Antony Currie has more than a decade of experience as a financial journalist, having worked with Euromoney since 1996, most recently as a US editor. He has worked on assignments in the major financial centres of Europe and the US and written stories on capital markets, global economies and the investment banking industry. He holds a bachelor's degree in German language and literature and a master's degree in politics and international relations from the University of Bristol. Follow Antony on Twitter @AntonyMCurrie
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Ares Capital’s takeover of under-fire rival American Capital may well bring more fees, lower funding costs and better returns. But the market for lending to mid-market companies has become tougher even as banks have retreated. The complexity of the tie-up doesn’t help, either.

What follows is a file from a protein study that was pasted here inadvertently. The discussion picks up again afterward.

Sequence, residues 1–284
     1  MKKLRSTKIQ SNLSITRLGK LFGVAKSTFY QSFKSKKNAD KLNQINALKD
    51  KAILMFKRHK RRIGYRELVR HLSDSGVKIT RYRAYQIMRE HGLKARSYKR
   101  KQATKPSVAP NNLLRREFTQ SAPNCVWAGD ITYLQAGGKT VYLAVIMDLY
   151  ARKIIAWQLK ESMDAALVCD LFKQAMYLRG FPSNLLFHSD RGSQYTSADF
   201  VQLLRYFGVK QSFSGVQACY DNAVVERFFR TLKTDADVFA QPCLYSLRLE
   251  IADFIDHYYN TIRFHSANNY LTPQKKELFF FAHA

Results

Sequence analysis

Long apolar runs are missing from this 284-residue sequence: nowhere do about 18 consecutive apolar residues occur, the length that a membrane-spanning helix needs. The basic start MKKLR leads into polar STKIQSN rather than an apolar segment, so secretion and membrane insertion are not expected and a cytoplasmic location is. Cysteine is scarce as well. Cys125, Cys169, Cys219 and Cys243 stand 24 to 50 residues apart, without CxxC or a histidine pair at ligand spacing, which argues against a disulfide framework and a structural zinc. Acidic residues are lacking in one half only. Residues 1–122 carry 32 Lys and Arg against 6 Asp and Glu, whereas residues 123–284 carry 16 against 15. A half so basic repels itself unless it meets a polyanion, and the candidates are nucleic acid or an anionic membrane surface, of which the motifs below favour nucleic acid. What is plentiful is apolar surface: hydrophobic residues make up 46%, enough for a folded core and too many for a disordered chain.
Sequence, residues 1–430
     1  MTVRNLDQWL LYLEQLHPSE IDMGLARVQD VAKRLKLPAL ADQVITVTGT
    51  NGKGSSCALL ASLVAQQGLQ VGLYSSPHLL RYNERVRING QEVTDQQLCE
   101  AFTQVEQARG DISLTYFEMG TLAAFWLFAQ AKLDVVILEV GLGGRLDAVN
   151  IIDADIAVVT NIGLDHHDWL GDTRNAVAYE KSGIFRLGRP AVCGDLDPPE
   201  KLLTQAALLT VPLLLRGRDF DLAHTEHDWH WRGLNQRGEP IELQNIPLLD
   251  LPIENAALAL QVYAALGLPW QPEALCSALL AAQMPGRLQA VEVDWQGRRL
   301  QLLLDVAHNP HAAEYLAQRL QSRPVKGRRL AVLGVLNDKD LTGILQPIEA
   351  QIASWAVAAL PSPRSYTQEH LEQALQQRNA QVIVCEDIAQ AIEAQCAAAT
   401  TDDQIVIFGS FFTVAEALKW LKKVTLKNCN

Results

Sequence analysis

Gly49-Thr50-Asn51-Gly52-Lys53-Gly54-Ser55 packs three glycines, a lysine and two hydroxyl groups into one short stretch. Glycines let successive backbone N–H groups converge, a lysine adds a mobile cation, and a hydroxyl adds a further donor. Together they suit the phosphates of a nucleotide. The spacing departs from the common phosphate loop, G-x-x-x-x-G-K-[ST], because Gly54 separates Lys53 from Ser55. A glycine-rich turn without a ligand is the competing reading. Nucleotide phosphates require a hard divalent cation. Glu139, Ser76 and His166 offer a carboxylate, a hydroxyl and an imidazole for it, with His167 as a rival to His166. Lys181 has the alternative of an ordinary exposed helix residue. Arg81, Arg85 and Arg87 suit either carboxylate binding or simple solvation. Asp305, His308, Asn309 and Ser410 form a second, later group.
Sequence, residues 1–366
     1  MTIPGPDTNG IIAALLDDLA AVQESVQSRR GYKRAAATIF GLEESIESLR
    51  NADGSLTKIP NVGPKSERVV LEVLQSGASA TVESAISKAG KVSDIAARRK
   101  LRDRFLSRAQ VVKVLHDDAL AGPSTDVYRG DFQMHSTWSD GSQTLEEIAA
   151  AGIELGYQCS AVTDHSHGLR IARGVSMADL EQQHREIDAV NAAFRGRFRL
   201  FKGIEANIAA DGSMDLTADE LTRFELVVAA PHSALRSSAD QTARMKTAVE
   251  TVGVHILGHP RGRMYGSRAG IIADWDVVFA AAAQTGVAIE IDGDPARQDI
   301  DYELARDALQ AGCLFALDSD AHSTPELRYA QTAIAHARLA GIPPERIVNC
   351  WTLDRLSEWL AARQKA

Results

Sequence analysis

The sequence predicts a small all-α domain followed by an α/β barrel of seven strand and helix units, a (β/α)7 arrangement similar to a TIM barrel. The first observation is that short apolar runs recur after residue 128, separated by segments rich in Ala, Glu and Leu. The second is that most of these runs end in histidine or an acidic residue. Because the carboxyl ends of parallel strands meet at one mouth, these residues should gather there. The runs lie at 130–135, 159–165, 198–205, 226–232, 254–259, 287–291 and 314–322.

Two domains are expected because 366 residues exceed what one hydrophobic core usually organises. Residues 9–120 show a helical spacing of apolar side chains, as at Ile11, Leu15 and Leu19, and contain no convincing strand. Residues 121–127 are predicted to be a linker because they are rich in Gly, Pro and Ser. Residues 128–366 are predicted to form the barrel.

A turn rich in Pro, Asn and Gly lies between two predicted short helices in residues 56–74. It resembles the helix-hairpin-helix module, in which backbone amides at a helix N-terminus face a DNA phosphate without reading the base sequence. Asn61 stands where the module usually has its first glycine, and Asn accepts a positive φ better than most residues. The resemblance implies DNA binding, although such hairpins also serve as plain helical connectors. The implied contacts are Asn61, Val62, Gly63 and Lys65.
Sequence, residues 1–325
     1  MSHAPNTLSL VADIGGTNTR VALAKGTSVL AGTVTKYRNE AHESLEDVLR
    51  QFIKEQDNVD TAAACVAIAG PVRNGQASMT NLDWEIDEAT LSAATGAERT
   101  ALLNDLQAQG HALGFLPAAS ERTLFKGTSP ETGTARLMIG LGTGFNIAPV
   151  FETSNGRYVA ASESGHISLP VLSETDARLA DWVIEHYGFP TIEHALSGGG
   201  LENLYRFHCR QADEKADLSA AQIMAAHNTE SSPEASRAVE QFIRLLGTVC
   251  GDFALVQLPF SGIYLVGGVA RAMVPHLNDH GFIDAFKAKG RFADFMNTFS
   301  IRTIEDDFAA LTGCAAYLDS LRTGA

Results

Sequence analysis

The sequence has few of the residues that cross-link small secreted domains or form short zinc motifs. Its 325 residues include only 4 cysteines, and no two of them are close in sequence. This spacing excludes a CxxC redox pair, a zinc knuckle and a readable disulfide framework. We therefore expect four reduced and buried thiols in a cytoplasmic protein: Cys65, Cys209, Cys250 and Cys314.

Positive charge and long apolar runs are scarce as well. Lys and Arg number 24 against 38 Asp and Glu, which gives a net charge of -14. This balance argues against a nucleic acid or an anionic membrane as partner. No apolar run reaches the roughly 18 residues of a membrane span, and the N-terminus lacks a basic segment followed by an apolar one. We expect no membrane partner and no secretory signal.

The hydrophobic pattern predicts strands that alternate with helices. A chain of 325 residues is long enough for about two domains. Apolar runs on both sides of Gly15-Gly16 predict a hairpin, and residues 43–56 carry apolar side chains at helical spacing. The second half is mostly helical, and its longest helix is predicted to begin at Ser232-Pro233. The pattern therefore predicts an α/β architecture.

Only 66 pct backed how the Wall Street firm compensates its bosses. A $5 bln fine over dodgy mortgages didn’t help. But Goldman is also one of the few banks not to use long-term incentives in determining salary and bonus. Doing so would be a cheap way to win investor support.
The Wall Street firm’s analysts moved the carmaker to “buy” just before its bankers took a role in a $1.7 bln stock sale. It smells bad - and watchdogs will surely take a look - but there are plenty of mitigating factors. This may just be Chinese walls working as intended.
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